FRANKFURT (Reuters) - Germany’s economy will shrink significantly this year and may need two years to make up the lost ground, its central bank said on Friday, joining a number of forecasters predicting only a slow recovery from a coronavirus-induced recession.
The euro zone’s biggest economy will contract by 7.1% in 2020 based on calendar adjusted figures and 6.8% according to unadjusted data, the Bundesbank said in its biannual projections, days after the government agreed a 130 billion euro stimulus scheme.
The Bundesbank’s projections are now broadly in line with outlooks provided by the government and its Council of Economic Experts, which both predicted a drop in the 6% to 7% range.#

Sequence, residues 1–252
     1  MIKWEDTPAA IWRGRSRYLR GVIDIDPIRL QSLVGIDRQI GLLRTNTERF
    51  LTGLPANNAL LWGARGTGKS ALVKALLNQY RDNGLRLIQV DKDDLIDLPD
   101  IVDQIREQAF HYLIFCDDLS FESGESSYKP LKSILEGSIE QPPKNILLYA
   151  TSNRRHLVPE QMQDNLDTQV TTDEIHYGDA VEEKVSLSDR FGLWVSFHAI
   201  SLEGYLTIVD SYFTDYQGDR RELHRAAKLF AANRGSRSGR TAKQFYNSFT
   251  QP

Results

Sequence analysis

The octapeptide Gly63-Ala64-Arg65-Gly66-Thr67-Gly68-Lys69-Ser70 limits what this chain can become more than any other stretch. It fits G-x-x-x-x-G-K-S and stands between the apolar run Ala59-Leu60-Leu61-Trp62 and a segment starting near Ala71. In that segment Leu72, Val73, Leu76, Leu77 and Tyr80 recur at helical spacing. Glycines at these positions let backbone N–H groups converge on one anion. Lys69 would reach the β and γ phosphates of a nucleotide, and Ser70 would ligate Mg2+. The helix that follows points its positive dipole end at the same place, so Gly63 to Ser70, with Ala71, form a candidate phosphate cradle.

Much of Germany’s economy was shuttered for months amid the pandemic and restrictions are only slowly lifted.
For 2021, adjusted growth is seen at 3.2%, and at 3.8% in 2022, the Bundesbank added.
“Public finances make a significant contribution to stabilisation,” Bundesbank President Jens Weidmann said. “New stimulus is appropriate in the current situation and I have a positive assessment on the government’s economic stimulus programme.”
The Bundesbank’s figures come a day after the European Central Bank downgraded its forecasts for the euro zone, predicting a GDP drop of 8.7% in 2020 as its baseline case and a 12.6% fall in its “severe” scenario.
Reporting by Balazs Koranyi; editing by John Stonestreet
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